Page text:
At MSU, library administration was able to negotiate effectively to mitigate the financial impact of centralization. Our Memorandum of Understanding (MoU) with IT, a temporary contract in place until we have Service Level Agreements (SLAs), specifies a one-time transfer of funds for the salaries of the people moved into central IT. It is expected that the funding will be permanently transferred after the SLAs are in place, assuming the centralization continues forward. (We have an interim president mandating centralization, so there is some speculation this will revert back after a new president is selected.) Cost for service from central IT is still being negotiated. If the library were  treated like any other college, we’d be charged an annual maintenance fee for every computer workstation in the library, which would total nearly $1 million annually. This is not feasible. We will also be charged for server housing, networking, etc.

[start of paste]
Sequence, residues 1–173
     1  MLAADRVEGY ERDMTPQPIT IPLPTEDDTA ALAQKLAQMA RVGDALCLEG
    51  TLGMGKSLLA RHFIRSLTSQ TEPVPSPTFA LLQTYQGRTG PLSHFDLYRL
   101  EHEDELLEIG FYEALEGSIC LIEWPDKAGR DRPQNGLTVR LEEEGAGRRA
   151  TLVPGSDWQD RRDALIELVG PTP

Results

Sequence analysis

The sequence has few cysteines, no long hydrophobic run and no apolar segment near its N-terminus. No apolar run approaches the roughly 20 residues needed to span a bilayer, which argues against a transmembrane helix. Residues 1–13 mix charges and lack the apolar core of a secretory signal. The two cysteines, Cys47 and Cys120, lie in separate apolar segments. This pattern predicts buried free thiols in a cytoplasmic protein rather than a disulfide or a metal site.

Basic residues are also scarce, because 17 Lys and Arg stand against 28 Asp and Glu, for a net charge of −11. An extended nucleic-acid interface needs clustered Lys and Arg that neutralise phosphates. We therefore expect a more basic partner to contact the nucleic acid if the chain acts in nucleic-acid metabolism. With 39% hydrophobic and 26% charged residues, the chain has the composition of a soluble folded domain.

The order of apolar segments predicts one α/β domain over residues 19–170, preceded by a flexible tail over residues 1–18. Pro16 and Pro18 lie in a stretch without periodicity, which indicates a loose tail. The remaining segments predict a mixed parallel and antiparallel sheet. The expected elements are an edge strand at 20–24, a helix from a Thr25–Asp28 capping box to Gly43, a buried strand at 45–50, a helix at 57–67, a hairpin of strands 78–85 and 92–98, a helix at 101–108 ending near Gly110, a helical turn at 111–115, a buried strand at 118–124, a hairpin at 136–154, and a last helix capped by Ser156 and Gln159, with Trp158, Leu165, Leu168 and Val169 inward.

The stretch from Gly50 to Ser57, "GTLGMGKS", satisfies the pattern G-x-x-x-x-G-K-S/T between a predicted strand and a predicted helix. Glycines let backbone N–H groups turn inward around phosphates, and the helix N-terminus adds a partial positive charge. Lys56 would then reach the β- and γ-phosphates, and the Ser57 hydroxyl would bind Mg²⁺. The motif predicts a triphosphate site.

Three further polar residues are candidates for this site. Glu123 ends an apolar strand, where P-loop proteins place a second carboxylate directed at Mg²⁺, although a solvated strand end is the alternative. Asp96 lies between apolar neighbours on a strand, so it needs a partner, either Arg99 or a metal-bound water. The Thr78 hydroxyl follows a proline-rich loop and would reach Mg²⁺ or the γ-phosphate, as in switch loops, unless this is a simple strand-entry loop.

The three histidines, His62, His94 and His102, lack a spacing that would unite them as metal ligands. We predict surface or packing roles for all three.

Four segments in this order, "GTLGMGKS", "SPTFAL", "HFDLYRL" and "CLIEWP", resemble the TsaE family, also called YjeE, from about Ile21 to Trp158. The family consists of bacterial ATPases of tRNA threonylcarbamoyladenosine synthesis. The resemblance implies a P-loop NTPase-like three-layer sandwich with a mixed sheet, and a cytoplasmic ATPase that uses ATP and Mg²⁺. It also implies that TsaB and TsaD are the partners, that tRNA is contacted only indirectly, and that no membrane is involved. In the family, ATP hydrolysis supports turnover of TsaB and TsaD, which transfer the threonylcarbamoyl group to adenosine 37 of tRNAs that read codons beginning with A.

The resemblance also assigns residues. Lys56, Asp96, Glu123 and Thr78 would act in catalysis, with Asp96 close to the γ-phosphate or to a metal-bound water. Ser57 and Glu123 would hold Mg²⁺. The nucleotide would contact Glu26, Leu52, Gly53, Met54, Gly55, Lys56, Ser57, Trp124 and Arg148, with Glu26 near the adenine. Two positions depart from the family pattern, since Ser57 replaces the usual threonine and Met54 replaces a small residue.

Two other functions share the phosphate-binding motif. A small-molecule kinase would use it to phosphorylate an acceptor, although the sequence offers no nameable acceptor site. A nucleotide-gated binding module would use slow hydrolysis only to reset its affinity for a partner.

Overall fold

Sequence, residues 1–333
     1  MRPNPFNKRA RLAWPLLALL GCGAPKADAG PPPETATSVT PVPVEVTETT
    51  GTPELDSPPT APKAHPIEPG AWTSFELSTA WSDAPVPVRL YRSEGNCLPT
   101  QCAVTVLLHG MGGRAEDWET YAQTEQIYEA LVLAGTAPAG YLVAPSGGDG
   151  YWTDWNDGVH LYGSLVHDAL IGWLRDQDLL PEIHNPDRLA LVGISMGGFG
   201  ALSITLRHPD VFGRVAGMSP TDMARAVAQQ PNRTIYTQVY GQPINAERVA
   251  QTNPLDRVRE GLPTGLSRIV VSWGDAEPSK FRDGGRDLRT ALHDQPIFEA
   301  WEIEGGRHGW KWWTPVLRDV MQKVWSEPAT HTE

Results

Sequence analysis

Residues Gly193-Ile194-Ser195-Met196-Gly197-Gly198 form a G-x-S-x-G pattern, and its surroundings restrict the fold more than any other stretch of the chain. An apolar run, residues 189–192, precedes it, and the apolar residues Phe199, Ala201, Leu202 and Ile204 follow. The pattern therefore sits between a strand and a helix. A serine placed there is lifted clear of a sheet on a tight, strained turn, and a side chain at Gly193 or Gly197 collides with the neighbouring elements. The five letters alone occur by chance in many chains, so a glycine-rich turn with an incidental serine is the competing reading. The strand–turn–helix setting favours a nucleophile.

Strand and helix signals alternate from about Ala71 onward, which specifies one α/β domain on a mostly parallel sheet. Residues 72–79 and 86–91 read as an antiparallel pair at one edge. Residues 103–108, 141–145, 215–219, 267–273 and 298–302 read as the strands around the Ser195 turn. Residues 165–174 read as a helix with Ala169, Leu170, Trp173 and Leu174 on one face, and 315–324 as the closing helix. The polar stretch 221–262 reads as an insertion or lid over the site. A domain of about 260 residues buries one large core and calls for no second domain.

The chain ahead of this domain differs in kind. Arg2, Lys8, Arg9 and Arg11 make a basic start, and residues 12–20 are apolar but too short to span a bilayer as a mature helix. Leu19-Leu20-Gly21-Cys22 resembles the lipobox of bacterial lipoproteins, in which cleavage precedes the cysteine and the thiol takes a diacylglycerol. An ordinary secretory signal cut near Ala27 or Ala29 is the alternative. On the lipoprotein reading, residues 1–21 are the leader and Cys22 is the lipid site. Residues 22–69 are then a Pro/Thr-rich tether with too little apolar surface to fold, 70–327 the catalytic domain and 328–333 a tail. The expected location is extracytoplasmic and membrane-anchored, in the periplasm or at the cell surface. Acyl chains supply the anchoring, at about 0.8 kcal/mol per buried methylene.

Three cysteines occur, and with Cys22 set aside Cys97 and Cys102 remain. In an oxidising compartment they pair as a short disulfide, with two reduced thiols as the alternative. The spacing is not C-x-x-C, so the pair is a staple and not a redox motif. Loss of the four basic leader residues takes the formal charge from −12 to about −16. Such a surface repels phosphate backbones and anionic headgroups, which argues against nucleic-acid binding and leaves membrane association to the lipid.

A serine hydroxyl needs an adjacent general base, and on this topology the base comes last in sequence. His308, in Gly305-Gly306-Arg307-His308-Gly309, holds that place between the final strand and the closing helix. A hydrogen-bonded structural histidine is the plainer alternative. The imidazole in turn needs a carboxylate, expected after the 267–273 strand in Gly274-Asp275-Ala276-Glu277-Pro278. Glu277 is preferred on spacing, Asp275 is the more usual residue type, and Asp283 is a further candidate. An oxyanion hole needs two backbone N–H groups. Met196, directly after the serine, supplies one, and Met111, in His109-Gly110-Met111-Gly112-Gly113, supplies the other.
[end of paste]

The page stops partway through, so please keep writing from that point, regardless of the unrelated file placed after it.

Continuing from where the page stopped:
Join us in January for part two of this two-part series on IT centralization: responding to centralization and future possibilities.

Categories: Library News

Jobs in Information Technology: December 12, 2018

LITA Blog - Wed, 2018-12-12 15:29

New vacancy listings are posted weekly on Wednesday at approximately 12 noon Central Time. They appear under New This Week and under the appropriate regional listing. Postings remain on the LITA Job Site for a minimum of four weeks.

New This Week

Denver Public Library, Special Collections and Digital Archives Manager, Denver, CO

The Blake School, Middle School Teacher Librarian, Hopkins, MN

The Blake School, Lower School Teacher Librarian, Wayzata, MN

Visit the LITA Job Site for more available jobs and for information on submitting a job posting.

Categories: Library News

Riko Fluchel Is Our 2018-19 LITA/OCLC Spectrum Scholar

LITA Blog - Tue, 2018-12-11 17:53

LITA and OCLC are funding Riko Fluchel’s participation in the ALA Spectrum Scholars program as part of their commitment to help diversify the library technology field.